Policy Priorities: Closing the Gap Between Families and Elders’ Income and Expenses

The Insight Center’s Building Economic Security for All (BESA) mission is to help all people achieve a basic level of economic security in the U.S., so they have enough money to cover the expenses of everyday life like rent, food, child care, health care, transportation, and taxes, but also enough to begin to develop and/or draw on savings and assets. The Self-Sufficiency Standard and Elder Economic Security Standard Index demonstrate that many working families and retired elders are struggling to make ends meet, but are not captured by the current official federal poverty measure. What is being done to close the gap?

Our 2011 state and national policy priorities include continuing to inform and improve the calculation of the Supplemental Poverty Measure and co-sponsoring California Assembly Bill 138 (Elder Economic Planning Act of 2011).

Supplemental Poverty Measure

The Census Bureau announced that it will develop a Supplemental Poverty Measure that will use an improved methodology to obtain a better understanding of the economic well-being of American families.  The new measure will only be used for statistical purposes in determining poverty rates and will have no impact on eligibility for public programs or funding distributions to state and local governments. While we are grateful that the Obama Administration is bold enough to recognize the need for an update to the outdated Federal Poverty Thresholds, this new measure is still a measure of deprivation; it does not reflect what it actually takes to get by in today’s economy.  We continue to advocate for improvements to the Supplemental Poverty Measure to reflect the cost of meeting all basic needs, like our Self-Sufficiency Standard and Elder Index.

California Senate Bill 1084

SB 1084 (Liu, Jones): California Economic Security Task Force. SB 1084 would establish a 2-year bipartisan public/private Task Force to create an inventory of state programs aimed at reducing poverty and increasing economic security, analyze program effectiveness, and provide a comprehensive set of politically viable and fiscally responsible policy recommendations to improve economic security among Californians as defined by the Insight Center’s Self-Sufficiency Standard and Elder Index for California.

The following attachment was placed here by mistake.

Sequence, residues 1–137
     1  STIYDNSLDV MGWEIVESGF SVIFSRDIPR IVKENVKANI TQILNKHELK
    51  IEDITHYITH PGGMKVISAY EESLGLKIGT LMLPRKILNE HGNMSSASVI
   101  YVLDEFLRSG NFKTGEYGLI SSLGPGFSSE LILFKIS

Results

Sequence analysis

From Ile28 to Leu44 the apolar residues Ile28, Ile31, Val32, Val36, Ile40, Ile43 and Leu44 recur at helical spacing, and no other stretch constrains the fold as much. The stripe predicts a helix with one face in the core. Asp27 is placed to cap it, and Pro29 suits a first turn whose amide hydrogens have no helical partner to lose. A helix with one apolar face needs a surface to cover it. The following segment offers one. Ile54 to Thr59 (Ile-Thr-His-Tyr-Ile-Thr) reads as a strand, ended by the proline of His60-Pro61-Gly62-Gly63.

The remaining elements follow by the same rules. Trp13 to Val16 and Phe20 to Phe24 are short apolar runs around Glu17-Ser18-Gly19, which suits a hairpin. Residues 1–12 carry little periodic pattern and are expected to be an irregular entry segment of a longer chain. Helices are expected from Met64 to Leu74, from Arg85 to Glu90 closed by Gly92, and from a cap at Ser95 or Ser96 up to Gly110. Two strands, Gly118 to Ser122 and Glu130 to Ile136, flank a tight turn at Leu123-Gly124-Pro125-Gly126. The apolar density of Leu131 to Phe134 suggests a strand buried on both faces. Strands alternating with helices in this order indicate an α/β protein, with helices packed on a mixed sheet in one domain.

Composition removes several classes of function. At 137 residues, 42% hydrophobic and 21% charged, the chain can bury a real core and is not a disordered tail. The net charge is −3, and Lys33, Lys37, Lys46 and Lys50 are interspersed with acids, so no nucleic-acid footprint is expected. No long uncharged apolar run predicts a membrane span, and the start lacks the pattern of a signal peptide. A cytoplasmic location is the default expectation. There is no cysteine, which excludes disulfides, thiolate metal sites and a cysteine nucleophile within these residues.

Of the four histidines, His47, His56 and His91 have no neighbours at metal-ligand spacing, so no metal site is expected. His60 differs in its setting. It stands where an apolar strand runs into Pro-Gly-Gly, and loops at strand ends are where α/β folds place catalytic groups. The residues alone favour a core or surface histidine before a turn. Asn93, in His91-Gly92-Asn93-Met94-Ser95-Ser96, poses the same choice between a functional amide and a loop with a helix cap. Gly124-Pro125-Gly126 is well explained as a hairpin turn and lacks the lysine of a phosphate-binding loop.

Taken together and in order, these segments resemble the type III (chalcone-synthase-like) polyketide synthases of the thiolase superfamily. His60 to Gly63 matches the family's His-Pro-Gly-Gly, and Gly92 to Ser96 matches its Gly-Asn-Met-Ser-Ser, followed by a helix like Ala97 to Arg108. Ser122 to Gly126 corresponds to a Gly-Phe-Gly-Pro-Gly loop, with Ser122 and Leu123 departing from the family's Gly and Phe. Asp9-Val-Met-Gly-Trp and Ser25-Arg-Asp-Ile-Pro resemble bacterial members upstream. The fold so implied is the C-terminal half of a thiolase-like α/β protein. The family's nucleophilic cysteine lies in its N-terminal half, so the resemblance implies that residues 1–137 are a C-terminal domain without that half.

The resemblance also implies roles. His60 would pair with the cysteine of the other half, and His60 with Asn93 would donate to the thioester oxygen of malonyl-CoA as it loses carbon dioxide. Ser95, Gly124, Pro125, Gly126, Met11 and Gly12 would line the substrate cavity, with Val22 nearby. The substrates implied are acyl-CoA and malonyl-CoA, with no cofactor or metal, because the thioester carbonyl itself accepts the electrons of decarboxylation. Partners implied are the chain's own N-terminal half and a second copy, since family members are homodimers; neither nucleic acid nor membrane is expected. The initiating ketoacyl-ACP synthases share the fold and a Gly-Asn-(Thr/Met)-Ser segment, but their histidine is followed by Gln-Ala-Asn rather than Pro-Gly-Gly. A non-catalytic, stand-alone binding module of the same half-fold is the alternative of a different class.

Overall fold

California Assembly Bill 138

Elder Economic Planning Act of 2011 (CA Assembly Bill 138), introduced in 2011, would require that the California Department of Aging and the local aging agencies use the Elder Index when developing their federally-mandated state and local plans to address elder needs; by doing so, it would eliminate the need for costly independent research and result in better allocation of staff and senior services resources.

In the coming years, we will be working to develop and sponsor public policies that:

  1. Target investments in education, skills development, and support services, including higher education and subsidized child care, that are part of career pathways to help younger workers access Self-Sufficiency wage jobs in growing sectors of the state and regional economies
  2. Promote savings and asset accumulation for younger workers
  3. Allow older Californians who receive Supplemental Security Income and live alone to receive the maximum allowable food stamps benefit
  4. Expand older adult retraining and employment opportunities (e.g. by partnering with the private sector to create more flexible work environments and to retain older adults, and by expanding job training opportunities through the Workforce Investment Act


Previous Legislation

To view previous legislation, please click here and scroll to the section titled "In Legislation or Administrative Action".